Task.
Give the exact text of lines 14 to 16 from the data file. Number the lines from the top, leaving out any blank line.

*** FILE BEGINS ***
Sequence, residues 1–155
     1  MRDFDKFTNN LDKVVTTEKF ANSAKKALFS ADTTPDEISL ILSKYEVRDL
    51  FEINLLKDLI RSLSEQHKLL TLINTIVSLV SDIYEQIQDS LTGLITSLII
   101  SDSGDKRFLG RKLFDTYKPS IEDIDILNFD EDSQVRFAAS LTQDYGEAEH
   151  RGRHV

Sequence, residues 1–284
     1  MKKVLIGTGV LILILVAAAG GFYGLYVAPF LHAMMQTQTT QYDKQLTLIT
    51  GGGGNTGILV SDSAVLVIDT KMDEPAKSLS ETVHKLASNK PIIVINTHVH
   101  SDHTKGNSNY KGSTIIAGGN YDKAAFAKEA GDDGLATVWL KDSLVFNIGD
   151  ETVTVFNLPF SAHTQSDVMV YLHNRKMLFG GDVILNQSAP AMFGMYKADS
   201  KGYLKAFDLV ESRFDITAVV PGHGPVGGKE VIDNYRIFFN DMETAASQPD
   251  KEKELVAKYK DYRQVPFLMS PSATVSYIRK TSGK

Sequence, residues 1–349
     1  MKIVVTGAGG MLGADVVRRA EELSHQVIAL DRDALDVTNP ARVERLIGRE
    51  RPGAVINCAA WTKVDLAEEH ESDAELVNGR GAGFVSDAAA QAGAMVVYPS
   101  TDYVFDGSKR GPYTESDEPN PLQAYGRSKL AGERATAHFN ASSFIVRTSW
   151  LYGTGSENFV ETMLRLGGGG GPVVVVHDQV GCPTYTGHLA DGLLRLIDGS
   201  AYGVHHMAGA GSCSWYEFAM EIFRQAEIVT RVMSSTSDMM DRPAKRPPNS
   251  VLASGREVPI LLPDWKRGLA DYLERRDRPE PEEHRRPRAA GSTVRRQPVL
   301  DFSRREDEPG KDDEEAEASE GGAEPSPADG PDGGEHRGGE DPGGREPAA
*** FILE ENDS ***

     1  MKIVVTGAGG MLGADVVRRA EELSHQVIAL DRDALDVTNP ARVERLIGRE
    51  RPGAVINCAA WTKVDLAEEH ESDAELVNGR GAGFVSDAAA QAGAMVVYPS
   101  TDYVFDGSKR GPYTESDEPN PLQAYGRSKL AGERATAHFN ASSFIVRTSW